An injected throat caused by infective inflammation involving pharyngeal mucous membranes and lymphoid follicles. It is usually self-limiting and recovers naturally or with symptomatic treatment.
Inflamed scattered lymphoid follicles of posterior pharyngeal wall with normal coloured mucosa seen in between in a patient presented with generalized painless lymphadenopathy. Excisional lymph node biopsy confirms lymphoma.
Arrows point to the lymphoid follicles.
Nodular swellings of posterior pharyngeal wall due to scattered lymphoid hyperplasia. The tonsils were enlarged bilaterally.
Grade III tonsillar hypertrophy. (T - tonsil, U - uvula)
Grade II tonsillar hypertrophy with reticular surface appearance.
(T - tonsil, U - uvula)
Tonsillar crypts and clefts predispose to several conditions like peritonsillar abscess, retained food residues, and tonsillolith formations. Halitosis and
unusual tonsillar appearance are the usual presenting symptoms though it can be asymptomatic and found by chance on examination. Oropharyngeal endoscopic assessment, probing with blunt instrument, and digital palpation need to be done. Figure shows cheesy-white materials in the supratonsillar cleft due to food residue/epithelial sloughs entrapment. Beware of the underlying dysplasia/malignancy and if in doubt examination under anaesthesia
with/without excision biopsy (tonsillectomy)
will have to be performed.
Watch video of tonsil stone or keratosis tonsil @ Youtube
Watch video of entrapped impissated substance from tonsillar cleft @ YouTube
Retained material/debris or phlegmon in tonsil crypts (arrows) with unilateral tonsillar enlargement. Underlying tonsillolith (tonsil stone) need to be ruled out.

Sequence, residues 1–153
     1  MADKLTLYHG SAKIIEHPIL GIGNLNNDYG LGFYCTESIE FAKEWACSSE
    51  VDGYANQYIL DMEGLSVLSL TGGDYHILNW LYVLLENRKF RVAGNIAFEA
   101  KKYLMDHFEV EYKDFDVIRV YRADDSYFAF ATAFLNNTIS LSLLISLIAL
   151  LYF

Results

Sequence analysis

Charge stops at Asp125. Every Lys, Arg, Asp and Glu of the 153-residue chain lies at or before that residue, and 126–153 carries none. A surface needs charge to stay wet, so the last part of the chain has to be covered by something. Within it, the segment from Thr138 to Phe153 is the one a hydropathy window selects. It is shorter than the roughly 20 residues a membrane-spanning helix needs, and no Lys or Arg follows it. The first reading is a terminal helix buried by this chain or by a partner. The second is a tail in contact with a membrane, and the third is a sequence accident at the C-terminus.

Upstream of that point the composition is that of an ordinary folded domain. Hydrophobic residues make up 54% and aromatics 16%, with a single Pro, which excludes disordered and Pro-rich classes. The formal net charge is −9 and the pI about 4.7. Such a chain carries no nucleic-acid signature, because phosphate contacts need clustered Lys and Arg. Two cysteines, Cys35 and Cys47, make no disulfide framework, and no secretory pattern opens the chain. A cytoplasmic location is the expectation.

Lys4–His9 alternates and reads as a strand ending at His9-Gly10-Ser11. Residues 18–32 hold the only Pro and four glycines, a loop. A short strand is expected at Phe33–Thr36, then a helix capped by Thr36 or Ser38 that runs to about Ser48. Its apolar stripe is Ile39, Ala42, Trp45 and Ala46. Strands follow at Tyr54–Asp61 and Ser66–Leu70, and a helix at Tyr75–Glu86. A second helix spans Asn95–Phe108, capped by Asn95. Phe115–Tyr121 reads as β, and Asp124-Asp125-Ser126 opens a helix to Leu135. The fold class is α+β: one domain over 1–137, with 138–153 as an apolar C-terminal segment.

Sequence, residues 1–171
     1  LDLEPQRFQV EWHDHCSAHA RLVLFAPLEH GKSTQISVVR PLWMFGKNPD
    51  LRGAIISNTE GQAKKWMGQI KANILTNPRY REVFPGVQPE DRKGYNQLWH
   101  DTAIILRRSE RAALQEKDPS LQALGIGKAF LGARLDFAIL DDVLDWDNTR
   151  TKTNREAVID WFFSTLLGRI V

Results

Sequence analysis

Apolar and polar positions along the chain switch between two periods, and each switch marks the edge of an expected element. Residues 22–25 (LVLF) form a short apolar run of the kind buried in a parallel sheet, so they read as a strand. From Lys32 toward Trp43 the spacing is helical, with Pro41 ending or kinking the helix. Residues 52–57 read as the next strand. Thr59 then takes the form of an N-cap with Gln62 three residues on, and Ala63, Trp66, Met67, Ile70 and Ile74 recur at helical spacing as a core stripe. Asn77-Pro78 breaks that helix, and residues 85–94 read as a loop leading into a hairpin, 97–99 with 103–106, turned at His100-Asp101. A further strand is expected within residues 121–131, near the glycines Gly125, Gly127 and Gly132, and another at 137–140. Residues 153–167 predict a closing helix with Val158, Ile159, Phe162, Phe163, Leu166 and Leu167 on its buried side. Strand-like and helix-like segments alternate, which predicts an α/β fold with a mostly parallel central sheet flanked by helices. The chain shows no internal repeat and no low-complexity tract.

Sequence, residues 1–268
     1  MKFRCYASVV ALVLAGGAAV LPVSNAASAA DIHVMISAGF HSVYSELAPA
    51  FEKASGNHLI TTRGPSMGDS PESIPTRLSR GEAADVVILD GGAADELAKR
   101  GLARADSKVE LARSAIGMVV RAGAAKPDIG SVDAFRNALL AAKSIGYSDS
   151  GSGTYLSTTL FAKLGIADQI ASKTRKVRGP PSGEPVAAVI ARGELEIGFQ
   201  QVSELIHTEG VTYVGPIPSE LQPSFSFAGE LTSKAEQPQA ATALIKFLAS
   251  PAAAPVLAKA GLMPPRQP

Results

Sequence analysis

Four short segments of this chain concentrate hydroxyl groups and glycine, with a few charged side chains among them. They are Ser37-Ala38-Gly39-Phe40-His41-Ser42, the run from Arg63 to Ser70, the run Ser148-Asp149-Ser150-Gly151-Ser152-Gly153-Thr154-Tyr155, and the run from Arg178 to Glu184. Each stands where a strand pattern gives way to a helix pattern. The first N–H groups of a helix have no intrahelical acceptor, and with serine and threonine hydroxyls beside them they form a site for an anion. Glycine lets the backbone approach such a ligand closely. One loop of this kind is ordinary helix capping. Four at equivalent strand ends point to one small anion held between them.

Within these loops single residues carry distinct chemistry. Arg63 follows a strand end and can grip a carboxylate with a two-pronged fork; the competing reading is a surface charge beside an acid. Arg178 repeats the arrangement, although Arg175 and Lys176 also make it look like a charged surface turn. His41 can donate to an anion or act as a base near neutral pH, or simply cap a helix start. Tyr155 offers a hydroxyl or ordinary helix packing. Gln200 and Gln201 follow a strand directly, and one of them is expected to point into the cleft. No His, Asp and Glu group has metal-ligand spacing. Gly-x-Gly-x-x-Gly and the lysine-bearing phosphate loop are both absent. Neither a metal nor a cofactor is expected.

White keratin on both tonsils surface especially worse at proximity of its crypts and clefts in an otherwise healthy patient. No sorethroat, fever, or swallowing difficulty and no history to suggest recurrent tonsillitis. (U - uvula, T - tonsil, X - incidental finding of small pedunculated papilloma)
Multiple throat ulcers involving the soft palate, uvula, and palatoglossal folds (arrows) which had caused severe sorethroat and painful swallowing.
Multiple large ulcers with thick fibrin causing severe sorethroat and painful swallowing.
Recovery phase of ulcers (same patient as above) showing fading fibrin, decreasing inflammatory borders, and shrinking ulcer size accompanied by clinical improvement of sorethroat/odynophagia.
An ulcer involving left palatoglossal fold with surrounding inflammation.
Multiple oropharyngeal ulcers of various sizes (arrows) in a patient presented with sorethroat and odynophagia who was confirmed to have concurrent dengue fever.
E - epiglottis, T - tonsil, PF - pyriform fossa.
This figure shows an ulcer over the inferior pole of right tonsil
after an alleged injury caused by chicken bone fragment.
Large ulcerative lesion involving right palatoglossal fold and tonsil. (T - tonsil, U - uvula, PPW - posterior pharyngeal wall).
Cyst of left tonsil.
Cyst of right tonsil (+). T - tonsil, PGF - palatoglossal fold, U - uvula.
An infected cyst with abscess formation (+). PGF - palatoglossal fold, PPF - palatopharyngeal fold, U - uvula.
Aspirate from the lesion of the above patient showing formed pus.
Polyp arising from superior pole of right tonsil (arrow) in an asymptomatic patient. (U - uvula)